Month: October 2022

Lauren Bates | Moment | Getty Images If history is a guide, insurance claims for unexplained disappearances will jump this Halloween. Renters and homeowners insurance claims related to a “mysterious disappearance” increased by 5% on Halloween and 3% on Mischief Night, which is the night before Halloween, according to Travelers Insurance claims data from 2011
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Gene Blevins | Reuters The jackpot for Powerball’s Monday night drawing is a whopping $1 billion. Sort of, anyway. The advertised number represents the pretax amount you’d get if you were to receive your windfall as an annuity spread over three decades. Yet most jackpot winners choose the upfront one-time cash payment — which, for
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The current investment climate in the United States is volatile. The Bureau of Economic Analysis’s third-quarter GDP readings, while positive, reveal a lackluster performance by the U.S. economy. Inflation is high, and the financial markets remain unpredictable. Recession is on everyone’s minds, and experts from Fannie Mae to Freddie Mac are predicting downturns. In times
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Michael H | Digitalvision | Getty Images The fear of missing out, or FOMO, can be a powerful psychological force — and it may lead unwary investors to lose bundles of money, according to financial advisors. A group of British psychologists defined FOMO as a fear “that others might be having rewarding experiences from which
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Florida is notorious for how volatile its housing market can be. During the housing bubble and subsequent crash of the late 2000s, Florida was one of the hardest hit states. Many Florida housing markets are notable for their heavy ownership by foreign investors. What’s more, Florida has a high rate of wealth inequality, creating a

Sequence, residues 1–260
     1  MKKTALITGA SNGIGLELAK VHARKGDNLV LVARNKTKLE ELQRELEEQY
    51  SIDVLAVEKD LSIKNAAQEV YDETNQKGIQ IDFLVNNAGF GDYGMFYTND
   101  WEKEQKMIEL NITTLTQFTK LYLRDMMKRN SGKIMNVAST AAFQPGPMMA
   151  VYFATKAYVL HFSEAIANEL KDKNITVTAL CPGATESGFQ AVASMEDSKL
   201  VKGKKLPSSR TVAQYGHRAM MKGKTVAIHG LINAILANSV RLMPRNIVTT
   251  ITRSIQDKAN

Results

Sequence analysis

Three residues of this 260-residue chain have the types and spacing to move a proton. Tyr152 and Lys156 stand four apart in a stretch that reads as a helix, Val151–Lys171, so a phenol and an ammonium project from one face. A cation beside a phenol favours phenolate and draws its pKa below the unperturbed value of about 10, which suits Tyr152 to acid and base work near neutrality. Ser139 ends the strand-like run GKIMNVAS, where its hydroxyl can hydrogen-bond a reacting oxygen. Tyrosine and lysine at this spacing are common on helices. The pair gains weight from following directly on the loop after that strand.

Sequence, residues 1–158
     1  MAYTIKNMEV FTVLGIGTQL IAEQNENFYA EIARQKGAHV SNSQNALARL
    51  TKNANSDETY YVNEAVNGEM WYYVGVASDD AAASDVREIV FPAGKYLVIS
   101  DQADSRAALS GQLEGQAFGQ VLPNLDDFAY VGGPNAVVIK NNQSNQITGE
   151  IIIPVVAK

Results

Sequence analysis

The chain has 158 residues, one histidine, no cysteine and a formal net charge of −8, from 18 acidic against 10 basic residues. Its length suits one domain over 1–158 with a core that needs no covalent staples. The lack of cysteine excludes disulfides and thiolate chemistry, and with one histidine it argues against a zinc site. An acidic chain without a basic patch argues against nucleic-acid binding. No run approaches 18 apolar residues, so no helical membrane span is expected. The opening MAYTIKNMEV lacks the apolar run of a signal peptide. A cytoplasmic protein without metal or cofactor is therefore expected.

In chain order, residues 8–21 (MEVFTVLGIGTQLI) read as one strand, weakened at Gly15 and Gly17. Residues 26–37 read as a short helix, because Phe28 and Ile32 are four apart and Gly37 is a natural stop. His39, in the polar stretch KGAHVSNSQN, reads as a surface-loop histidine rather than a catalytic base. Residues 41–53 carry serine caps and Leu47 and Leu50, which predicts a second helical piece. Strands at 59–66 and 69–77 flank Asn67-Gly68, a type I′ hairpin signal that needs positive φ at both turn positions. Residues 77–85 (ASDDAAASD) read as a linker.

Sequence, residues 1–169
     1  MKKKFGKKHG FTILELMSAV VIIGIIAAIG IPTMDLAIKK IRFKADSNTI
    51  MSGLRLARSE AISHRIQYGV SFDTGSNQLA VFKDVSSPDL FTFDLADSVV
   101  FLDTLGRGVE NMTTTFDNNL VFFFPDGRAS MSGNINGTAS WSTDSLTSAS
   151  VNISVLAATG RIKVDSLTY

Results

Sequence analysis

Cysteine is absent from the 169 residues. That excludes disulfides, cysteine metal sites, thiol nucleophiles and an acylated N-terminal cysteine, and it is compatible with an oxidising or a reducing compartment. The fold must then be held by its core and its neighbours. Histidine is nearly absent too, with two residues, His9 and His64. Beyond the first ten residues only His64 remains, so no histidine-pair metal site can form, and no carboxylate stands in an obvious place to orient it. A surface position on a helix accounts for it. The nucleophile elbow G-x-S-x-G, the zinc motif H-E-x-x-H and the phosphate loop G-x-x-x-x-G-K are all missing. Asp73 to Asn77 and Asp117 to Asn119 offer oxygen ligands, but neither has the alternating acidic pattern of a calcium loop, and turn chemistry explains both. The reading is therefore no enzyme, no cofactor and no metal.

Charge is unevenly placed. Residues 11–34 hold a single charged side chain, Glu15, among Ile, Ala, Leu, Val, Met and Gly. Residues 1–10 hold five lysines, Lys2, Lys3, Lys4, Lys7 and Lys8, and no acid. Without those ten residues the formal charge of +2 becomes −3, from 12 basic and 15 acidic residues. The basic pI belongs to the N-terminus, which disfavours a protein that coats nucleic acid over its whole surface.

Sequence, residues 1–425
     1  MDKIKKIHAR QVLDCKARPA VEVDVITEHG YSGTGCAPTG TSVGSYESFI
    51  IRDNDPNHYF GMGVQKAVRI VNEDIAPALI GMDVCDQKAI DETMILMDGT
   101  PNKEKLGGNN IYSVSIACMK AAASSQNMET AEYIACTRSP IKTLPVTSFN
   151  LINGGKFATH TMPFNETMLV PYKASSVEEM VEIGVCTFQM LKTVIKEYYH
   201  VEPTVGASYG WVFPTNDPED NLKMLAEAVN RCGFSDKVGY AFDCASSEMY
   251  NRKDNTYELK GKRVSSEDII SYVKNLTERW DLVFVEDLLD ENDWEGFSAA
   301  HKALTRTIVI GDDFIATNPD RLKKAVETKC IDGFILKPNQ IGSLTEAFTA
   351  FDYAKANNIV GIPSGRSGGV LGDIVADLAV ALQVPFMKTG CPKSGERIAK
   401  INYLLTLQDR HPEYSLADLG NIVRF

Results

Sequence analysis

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In this article BTC.CM= Follow your favorite stocksCREATE FREE ACCOUNT Representations of cryptocurrency Bitcoin are seen in this illustration, August 10, 2022. REUTERS/Dado Ruvic/Illustration Dado Ruvic | Reuters Bitcoin’s lack of volatility lately isn’t a bad thing and could actually point to signs of a “bottoming out” in prices, analysts and investors told CNBC. Digital
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Fg Trade | E+ | Getty Images A key federal program providing benefits to elderly, blind and disabled people — Supplemental Security Income — is turning 50 years old. The program, which currently serves nearly 8 million beneficiaries, was created by legislation signed by President Richard Nixon on Oct. 30, 1972. But even as Supplemental
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Today’s Social Security column addresses questions about how spousal benefit amounts are calculated, whether previous COLAs can increase spousal benefit rates and when spousal benefits can be higher than retirement benefits. Larry Kotlikoff is a Professor of Economics at Boston University and the founder and president of Economic Security Planning, Inc. See more Ask Larry
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